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Computer Science
Dartmouth College

Computer Science 39
Theory of Computation

Amit Chakrabarti

Fall 2007

[ Announcements | Administrative Basics | Schedule and Homeworks | Solutions | Grades Database ]

Course Description

This course serves as an introduction to formal models of languages and computation. Topics covered include finite automata, regular languages, context-free languages, pushdown automata, Turing machines, computability, and NP-completeness.

This course has substantial mathematical content. It is expected that a student who enrols for this course already knows how to write mathematical proofs and is generally mathematically mature. If a student passes this basic criterion and is interested in thinking philosophically about what a computer can or cannot do, then this course should be great fun.


Administrative Basics

Important! Please also read and familiarize yourself with the administrative details not covered in the outline below. Pay special attention to the section that describes how the honor code applies to this course; violations of the honor code will be treated seriously.


Sudikoff 214 | 12 hour | Mon-Wed-Fri 12:30-13:35, X-hr Tue 13:00-13:50

Amit Chakrabarti | Sudikoff 107 | 6-1710 | Office hours: Wed 17:00-18:00, Sun 14:00-16:00, or by appointment
Teaching Assistants

Umang Bhaskar | Sudikoff 205 | 6-8745 | Office hours: Thu 16:30-17:30, Sun 16:30-18:30, or by appointment
Ranganath Kondapally | Sudikoff 112 | 6-0569 | Office hours: Thu 16:30-17:30, Sun 16:30-18:30, or by appointment


   "Introduction to the Theory of Computation," Second Edition.   Michael Sipser.
Suggested additional reading (not required):
   "Introduction to Automata Theory, Languages and Computation."   J. E. Hopcroft and J. D. Ullman.


CS 25, or
a strong mathematics backround and permission of the instructor


One homework per week. [35 points]
Two in-class quizzes. [15 points]
One take-home midterm. [20 points]
One take-home final exam. [30 points]

Please take note of the late homework policy. It will be enforced, strictly.

Schedule and Homeworks

This schedule will be updated frequently. Please check back often, and please remember to hit the RELOAD button to get the latest schedule.

Any part of the schedule that is greyed out is tentative and subject to change.

Lecture Number
and Date

Reading Due
Before Class


Topics Covered in
This Lecture

1 Sep 26 Welcome, administrivia, overview; Mathematical notation (slides)
2 Sep 28 0.1, 0.2, 0.3 Types of proof: by construction, by contradiction, by induction (slides)
3 Oct 1 0.4 Strings and languages; Finite automata introduced (slides)
4 Oct 2 (X-hr) 1.1 up to p34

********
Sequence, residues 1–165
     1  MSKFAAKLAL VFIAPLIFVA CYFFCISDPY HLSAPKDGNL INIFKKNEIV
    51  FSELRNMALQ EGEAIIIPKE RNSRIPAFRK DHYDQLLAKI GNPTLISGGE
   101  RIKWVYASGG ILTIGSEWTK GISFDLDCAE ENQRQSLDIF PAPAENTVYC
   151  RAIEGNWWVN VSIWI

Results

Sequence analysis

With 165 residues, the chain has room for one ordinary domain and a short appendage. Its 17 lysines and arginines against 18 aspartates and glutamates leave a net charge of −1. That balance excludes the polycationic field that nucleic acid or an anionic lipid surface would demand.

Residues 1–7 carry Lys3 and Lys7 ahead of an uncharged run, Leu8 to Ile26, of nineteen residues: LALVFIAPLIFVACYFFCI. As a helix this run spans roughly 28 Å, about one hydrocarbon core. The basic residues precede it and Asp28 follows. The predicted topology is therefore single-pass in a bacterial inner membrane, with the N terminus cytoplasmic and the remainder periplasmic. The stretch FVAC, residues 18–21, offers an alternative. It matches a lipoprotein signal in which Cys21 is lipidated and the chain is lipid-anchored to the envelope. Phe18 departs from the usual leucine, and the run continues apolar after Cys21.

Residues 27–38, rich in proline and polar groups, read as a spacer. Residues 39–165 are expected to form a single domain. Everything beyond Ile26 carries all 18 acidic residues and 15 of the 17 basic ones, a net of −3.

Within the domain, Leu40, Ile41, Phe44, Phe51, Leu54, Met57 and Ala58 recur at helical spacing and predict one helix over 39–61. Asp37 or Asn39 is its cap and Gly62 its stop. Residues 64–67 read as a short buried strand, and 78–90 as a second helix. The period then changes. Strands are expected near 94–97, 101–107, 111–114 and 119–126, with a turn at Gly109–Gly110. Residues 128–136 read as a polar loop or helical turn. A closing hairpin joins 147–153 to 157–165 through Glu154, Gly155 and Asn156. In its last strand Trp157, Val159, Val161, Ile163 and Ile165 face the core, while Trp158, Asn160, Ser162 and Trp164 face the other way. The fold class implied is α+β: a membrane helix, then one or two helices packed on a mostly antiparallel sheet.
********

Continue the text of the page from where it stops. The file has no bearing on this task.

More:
More on (deterministic) finite automata; some examples of DFAs
5 Oct 3 1.1
Formal definition of DFA as (Q,Σ,δ,q0,F); further examples; the third-last-char challenge
6 Oct 5
NFA introduced; Examples; Formalization of NFAs and DFA/NFA computation
7 Oct 8 HW1
More on NFAs; The union, concatenation and Kleene star operations
8 Oct 9 (X-hr)
Regular expressions, examples, conversion to NFA (lecture notes)
9 Oct 10 1.3 up to p66
Equivalence of DFAs, NFAs and regular expressions, I
10 Oct 12 1.2
Equivalence of DFAs, NFAs and regular expressions, II (lecture notes)
11 Oct 15 1.3 HW2
The pumping lemma and its proof
12 Oct 16 (X-hr) 1.4
Applications of the pumping lemma: proving languages to be non-regular
13 Oct 17
Closure properties of regular languages
  Oct 19 No lecture; homecoming
14 Oct 22 Chapter 1 HW3
Pushdown automata (PDAs); Examples
  Oct 23 (X-hr)
Quiz 1: closed-notes, in-class
15 Oct 24
More examples of PDAs
16 Oct 26
More examples of PDAs; Introduction to Context-Free Grammars
17 Oct 29 2.2 HW4
Examples of CFGs; CFG for equally many 0s as 1s (lecture notes)
18 Oct 30 (X-hr)
CFGs formalized; closure of CFLs under union, concatenation and Kleene star
19 Oct 31 2.1
Equivalence of CFGs and PDAs, I: PDA to CFG
20 Nov 2
Equivalence of CFGs and PDAs, II: CFG to PDA (lecture notes)
21 Nov 5 2.2 (again) Midterm
Pumping lemma for context-free languages; Applications
22 Nov 6 (X-hr) 2.3
Chomsky Normal Form; Proof of the pumping lemma for CFLs
23 Nov 7 Chapter 2
Turing machines; Informal description and simple examples
24 Nov 9 3.1
Two TM applets; formal definition of a TM
25 Nov 12 HW5
Deciders/recognizers; Multi-tape TMs and their equivalence with TMs (slides)
26 Nov 13 (X-hr) 3.2 up to p150
Review session with TAs
27 Nov 14
Nondeterministic TMs; the RAM model; Church-Turing Thesis (slides)
28 Nov 16 Chapter 3
Enumerator TMs; Decision problems for the major language classes: ADFA, ACFG and ATM
29 Nov 19 HW6
Decidability of ADFA, ACFG; Recognizability of ATM; Undecidability of ATM; Unrecognizability of ATM
  Nov 20 (X-hr) 4.1
Quiz 2: closed-notes, in-class
30 Nov 26 4.1 (again)
Reductions; Decidability of EDFA, ALLDFA, EQDFA, ECFG; Unrecognizability of ETM
31 Nov 27 (X-hr) Chapter 4
Time complexity, P and NP
32 Nov 28 5.1 up to p192; 5.3 HW7
NP-completeness and polynomial time reductions (slides)
33 Nov 30 7.1 – 7.3
More NP-completeness proofs
34 Dec 3 7.4 up to p276; 7.5
Computation tableaux; The Cook-Levin theorem
35 Dec 4 (X-hr) 7.5 HW8 (optional)
Unrecognizability of ALLCFG; Wrap up
  Dec 10 Take-home 48-hour final exam, due at 6:00pm sharp
Please the click the above link for info on the final exam.
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Solutions to Homework and Exam Problems

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